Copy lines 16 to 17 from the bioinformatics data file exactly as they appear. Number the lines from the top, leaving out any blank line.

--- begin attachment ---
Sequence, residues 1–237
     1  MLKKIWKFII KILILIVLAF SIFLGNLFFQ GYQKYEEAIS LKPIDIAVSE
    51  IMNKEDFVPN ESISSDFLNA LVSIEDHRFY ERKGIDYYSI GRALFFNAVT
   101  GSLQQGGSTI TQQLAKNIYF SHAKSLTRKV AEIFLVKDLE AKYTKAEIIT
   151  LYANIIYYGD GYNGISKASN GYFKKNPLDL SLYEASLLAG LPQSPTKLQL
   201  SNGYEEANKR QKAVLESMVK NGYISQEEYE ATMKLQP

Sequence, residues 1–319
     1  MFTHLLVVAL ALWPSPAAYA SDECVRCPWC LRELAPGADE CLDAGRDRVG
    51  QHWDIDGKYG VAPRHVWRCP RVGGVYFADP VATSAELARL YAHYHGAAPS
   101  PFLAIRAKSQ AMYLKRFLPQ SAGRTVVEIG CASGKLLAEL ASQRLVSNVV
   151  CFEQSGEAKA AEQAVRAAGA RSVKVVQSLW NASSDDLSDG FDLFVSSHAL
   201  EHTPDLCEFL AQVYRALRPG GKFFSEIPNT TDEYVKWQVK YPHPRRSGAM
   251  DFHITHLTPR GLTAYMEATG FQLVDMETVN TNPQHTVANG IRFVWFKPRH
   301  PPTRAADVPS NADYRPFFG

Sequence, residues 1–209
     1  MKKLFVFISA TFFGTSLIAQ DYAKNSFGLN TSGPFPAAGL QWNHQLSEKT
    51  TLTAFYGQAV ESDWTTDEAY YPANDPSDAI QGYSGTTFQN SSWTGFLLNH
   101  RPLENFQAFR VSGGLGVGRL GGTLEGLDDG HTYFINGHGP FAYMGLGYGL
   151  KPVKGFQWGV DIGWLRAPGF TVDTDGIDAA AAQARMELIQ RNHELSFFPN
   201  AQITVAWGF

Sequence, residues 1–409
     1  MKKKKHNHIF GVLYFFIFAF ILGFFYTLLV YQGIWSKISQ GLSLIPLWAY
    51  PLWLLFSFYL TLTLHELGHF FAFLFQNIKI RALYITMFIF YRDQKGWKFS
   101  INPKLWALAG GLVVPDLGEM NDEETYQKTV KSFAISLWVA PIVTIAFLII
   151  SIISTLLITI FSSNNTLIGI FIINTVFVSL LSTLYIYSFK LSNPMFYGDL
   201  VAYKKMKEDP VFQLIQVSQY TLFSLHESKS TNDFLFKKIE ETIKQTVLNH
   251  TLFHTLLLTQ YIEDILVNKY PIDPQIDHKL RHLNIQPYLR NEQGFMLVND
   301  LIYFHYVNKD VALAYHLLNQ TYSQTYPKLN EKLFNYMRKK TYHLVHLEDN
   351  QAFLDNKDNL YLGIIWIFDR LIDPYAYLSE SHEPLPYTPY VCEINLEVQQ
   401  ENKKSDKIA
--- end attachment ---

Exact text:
     1  MKKLFVFISA TFFGTSLIAQ DYAKNSFGLN TSGPFPAAGL QWNHQLSEKT
    51  TLTAFYGQAV ESDWTTDEAY YPANDPSDAI QGYSGTTFQN SSWTGFLLNH